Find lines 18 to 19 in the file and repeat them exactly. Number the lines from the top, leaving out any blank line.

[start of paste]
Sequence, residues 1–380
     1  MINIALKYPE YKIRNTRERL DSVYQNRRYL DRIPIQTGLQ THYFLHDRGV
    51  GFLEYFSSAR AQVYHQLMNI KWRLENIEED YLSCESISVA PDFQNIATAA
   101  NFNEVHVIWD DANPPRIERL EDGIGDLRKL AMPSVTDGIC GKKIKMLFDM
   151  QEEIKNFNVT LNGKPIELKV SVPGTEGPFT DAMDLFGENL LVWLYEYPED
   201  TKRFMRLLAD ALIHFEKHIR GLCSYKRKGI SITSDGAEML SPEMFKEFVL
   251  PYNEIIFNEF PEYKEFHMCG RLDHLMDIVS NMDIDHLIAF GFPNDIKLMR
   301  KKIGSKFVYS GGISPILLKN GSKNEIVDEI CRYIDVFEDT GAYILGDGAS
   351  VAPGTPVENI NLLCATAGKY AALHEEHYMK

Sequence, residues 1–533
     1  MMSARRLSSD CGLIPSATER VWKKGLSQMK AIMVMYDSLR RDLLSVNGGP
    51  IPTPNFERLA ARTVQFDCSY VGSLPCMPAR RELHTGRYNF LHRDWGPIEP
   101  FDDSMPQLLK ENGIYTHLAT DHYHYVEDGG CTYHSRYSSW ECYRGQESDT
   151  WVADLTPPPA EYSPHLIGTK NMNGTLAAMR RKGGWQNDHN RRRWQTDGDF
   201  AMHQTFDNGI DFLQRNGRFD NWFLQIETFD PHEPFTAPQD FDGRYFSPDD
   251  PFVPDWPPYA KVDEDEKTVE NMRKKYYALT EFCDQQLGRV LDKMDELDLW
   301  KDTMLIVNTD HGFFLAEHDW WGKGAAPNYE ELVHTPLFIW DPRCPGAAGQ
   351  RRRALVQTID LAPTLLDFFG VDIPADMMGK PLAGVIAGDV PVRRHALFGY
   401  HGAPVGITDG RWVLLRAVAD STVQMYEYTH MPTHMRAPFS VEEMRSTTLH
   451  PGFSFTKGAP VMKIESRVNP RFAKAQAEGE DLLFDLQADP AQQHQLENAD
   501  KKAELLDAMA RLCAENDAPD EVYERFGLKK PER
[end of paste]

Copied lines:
   351  RRRALVQTID LAPTLLDFFG VDIPADMMGK PLAGVIAGDV PVRRHALFGY
   401  HGAPVGITDG RWVLLRAVAD STVQMYEYTH MPTHMRAPFS VEEMRSTTLH